Boating Safety Course

It was in 2006 that the Oklahoma State Senators Kenneth Corn and Todd Lamb introduced legislation aimed at saving the lives of children and teenagers on Oklahoma Lakes. Senate Bill 1495, known as the Kyle Williams Boating Safety Education Act, became law in 2007.

Named after 12 year-old Kyle Williams who died as a result of a jet ski accident in 1994, the law prohibits kids between the ages of 12 and 16, without a valid drivers license, from operating any vessel powered by a motor of more than 10 horsepower or a sailing vessel 16 feet or longer without first completing a state-approved Boater Safety Course.

“We have had nearly 500 students take and successfully pass the Boater Safety Course” – Charlie Floyd, Superintendent of Law Enforcement

In an effort to educate the public about the law, and continuing with their own efforts to promote water safety, the Grand River Dam Authority’s Lake Police began offering safety courses free of charge in 2008. Initially, GRDA took classes to the kids, holding them in the communities around the lake or in classrooms of area schools. However, since the GRDA Ecosystems and Education Building was completed in the spring of 2010, the courses have been held at that location.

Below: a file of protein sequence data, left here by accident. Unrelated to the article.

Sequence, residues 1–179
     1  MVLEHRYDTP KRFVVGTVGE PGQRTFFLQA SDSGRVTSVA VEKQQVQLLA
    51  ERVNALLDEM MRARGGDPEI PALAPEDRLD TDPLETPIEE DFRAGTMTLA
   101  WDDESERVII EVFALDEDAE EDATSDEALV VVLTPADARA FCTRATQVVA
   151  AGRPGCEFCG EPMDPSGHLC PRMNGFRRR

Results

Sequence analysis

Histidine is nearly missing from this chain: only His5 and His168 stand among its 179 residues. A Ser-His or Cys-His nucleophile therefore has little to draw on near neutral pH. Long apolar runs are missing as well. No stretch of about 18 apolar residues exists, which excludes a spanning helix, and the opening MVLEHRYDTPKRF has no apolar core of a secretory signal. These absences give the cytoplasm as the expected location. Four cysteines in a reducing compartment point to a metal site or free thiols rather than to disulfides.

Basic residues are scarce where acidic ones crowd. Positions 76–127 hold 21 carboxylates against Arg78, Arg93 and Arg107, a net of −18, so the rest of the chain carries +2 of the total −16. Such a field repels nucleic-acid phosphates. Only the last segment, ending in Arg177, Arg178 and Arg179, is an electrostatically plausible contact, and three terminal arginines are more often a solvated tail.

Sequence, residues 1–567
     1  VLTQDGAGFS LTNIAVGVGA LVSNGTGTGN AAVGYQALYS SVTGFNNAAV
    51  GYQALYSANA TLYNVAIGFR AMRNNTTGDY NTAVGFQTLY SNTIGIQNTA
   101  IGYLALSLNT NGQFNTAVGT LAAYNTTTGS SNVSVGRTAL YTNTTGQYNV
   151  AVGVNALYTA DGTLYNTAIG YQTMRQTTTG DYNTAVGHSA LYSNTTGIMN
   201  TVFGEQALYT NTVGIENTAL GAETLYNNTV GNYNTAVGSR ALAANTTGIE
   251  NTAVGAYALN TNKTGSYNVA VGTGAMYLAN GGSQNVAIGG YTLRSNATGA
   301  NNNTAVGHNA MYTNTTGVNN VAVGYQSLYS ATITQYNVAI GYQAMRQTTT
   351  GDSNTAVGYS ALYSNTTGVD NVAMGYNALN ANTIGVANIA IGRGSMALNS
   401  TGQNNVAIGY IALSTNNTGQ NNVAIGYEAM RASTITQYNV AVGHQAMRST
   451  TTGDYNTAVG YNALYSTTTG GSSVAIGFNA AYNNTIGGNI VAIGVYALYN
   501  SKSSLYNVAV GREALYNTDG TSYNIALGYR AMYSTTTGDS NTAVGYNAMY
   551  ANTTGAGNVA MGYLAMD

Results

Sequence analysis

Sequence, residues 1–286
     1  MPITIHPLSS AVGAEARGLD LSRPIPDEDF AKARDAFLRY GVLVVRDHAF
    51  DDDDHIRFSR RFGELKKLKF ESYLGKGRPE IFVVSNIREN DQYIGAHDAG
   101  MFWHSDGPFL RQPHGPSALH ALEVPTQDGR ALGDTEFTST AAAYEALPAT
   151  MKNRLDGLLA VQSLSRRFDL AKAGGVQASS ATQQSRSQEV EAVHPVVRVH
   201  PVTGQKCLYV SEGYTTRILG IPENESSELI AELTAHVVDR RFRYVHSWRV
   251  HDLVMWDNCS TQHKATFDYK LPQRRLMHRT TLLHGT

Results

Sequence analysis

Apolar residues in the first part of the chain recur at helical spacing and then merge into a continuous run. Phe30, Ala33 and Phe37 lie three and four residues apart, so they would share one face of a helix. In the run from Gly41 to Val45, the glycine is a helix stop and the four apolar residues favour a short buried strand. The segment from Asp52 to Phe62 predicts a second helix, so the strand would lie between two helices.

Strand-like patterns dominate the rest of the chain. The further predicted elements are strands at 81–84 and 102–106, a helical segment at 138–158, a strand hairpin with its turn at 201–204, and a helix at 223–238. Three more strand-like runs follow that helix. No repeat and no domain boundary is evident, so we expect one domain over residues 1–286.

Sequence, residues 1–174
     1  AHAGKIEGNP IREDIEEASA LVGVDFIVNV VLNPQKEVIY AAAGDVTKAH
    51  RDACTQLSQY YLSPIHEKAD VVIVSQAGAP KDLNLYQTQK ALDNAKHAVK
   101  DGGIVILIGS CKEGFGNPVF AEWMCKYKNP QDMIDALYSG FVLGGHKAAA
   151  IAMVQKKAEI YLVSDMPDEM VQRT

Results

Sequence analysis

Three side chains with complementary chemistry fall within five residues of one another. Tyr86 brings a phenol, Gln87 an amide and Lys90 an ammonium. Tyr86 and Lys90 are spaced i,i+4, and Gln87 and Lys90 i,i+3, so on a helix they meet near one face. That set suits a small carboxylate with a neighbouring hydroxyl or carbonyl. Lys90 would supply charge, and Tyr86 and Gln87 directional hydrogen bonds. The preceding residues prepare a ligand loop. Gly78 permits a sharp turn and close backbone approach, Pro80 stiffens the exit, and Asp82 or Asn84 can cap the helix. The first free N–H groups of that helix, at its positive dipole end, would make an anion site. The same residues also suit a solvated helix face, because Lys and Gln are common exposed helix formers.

“We have had nearly 500 students take and successfully pass the Boater Safety Course,” said Charlie Floyd, Superintendent of Law Enforcement, who teaches the majority of the classes. “Our goal is to educate as many people as possible about safe behavior while boating or enjoying other water related activities on GRDA lakes in order to reduce the number of boating accidents or other injuries.

 

The classes are a full day, 8AM to 5PM, with a test. The test covers all the material that the students have learned during the day. After passing the test, the Oklahoma Highway Patrol will mail a certificate showing that the possessor has taken the course and passed the test. Children are required to carry the certificate while operating vessels.

Fines for violating the law range from $50 – $500. However, according to Floyd, the goal is not to hand out fines as much as it is to educate the public. He encourages adults to take the course as well.

“We feel that this education process is very valuable and we also feel that our efforts have been and continue to be successful. We have seen a dramatic decrease in boating accidents and prop strike accidents, as well as other injuries on boats and docks in the past couple of years,” said Floyd.

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